Medication Causes of Gynecomastia Medication Causes of Gynecomastia Toggle navigation Brain Head & Neck Chest Endocrine Abdomen Musculoskeletal Skin Infectious Disease Hematology & Oncology Cohorts Diagnostics Emergency Findings Procedures Prevention & Management Pharmacy Resuscitation Trauma Emergency Procedures Ultrasound Cardiovascular Emergencies Lung Emergencies Infectious Disease Pediatrics Neurologic Emergencies Skin Exposure Miscellaneous Abuse Cancer Administration 4 Medication Causes (...) of Gynecomastia Medication Causes of Gynecomastia Aka: Medication Causes of Gynecomastia , Drug-Induced Gynecomastia , Gynecomastia Secondary to Medication From Related Chapters II. Causes: Recreational and Illicit Drug use Anti-androgen (also contains s) Miscellaneous s s (see below under hormonal agents) III. Causes: Chemotherapy Anti-androgens s (Cuprimine) Cisplatin Vinca alkaloids IV. Causes: Antimicrobial Anti-androgens ( ) Miscellaneous agents ( ) (Minocin) V. Causes: Gastrointestinal Anti-androgens

2015 FP Notebook

6. Mastectomy for gynecomastia

Mastectomy for gynecomastia Mastectomy for gynecomastia Mastectomy for gynecomastia Record Status This is a bibliographic record of a published health technology assessment. No evaluation of the quality of this assessment has been made for the HTA database. Citation Mastectomy for gynecomastia. Lansdale: HAYES, Inc.. Healthcare Technology Brief Publication. 2010 Authors' objectives Gynecomastia is a benign enlargement of the male breast that is caused by an imbalance in the ratio of circulating (...) male hormone (testosterone) to female hormone (estrogen). Gynecomastia occurs with normal hormonal changes during puberty or aging, but is also associated with other conditions or drugs that alter the hormonal ratio. Gynecomastia is characterized by the growth of glandular tissue within the breast, the growth of glandular tissue and fatty tissue deposits, or by an accumulation of fatty tissue alone. The condition is often associated with pain or tenderness that warrants medical intervention

2010 Health Technology Assessment (HTA) Database.

7. Gynecomastia (Treatment)

disorder often alleviates breast enlargement. [ ] If hypogonadism (primary or secondary) is the cause of gynecomastia, parenteral or transdermal testosterone replacement therapy is instituted. However, testosterone does have the potential to exacerbate gynecomastia through the aromatization of the exogenous hormone into estradiol. For patients with idiopathic gynecomastia or with residual gynecomastia after treatment of the primary cause, medical or surgical treatment may be considered. A major factor (...) that should influence the initial choice of therapy for gynecomastia is the condition’s duration. It is unlikely that any medical therapy will result in significant regression in the late fibrotic stage (a duration of 12mo or longer) of gynecomastia. As a result, medical therapies, if used, should be tried early in the condition's course. The diagram below is a suggested treatment approach for patients presenting with breast enlargement. Suggested algorithm for the management of gynecomastia. A study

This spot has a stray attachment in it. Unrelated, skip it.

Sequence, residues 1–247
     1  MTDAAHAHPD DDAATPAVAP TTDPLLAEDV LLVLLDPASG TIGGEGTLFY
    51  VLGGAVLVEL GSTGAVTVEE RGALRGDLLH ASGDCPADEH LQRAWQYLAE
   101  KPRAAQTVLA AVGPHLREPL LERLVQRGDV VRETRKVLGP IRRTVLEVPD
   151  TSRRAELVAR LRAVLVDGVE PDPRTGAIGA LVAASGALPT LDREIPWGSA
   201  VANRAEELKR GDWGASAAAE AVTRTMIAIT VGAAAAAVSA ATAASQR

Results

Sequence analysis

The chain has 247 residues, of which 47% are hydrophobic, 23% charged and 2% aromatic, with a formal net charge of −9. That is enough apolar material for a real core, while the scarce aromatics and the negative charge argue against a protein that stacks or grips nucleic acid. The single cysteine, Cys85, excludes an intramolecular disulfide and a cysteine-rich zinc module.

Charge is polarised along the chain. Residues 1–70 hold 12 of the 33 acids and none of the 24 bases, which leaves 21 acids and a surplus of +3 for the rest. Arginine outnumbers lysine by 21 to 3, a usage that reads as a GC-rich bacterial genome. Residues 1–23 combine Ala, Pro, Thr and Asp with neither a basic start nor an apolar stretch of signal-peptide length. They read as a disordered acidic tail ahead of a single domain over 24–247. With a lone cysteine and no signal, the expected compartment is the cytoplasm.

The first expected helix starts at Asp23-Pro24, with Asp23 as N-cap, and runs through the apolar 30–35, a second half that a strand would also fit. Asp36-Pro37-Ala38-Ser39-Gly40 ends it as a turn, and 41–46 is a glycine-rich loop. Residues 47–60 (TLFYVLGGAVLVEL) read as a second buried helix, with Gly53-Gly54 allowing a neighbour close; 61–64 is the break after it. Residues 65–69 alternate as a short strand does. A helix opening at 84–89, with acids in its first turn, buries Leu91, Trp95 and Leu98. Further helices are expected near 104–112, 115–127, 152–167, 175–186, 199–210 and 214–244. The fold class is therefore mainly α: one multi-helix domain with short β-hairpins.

2014 eMedicine.com

8. Gynecomastia (Overview)

for physiologic gynecomastia Pubertal gynecomastia resolves spontaneously within several weeks to 3 years in most patients; breasts larger than 4 cm in diameter may not regress completely Identifying and managing an underlying primary disorder often alleviates breast enlargement For patients with idiopathic gynecomastia or with residual gynecomastia after treatment of the primary cause, medical or surgical treatment may be considered. If medical therapies are used, they should be tried early (...) of testosterone production in the aging testes most often account for gynecomastia in adult males. Older men are also more likely to take medications associated with gynecomastia than are younger men. Rarely, hyperprolactinemia may lead to gynecomastia through its effects on the hypothalamus to cause central hypogonadism. [ , ] Prolactin has also been reported to decrease androgen receptors and increase estrogen and progesterone receptors in breast cancer cells, which can lead to male gynecomastia. Prolactin

2014 eMedicine.com

9. Gynecomastia (Follow-up)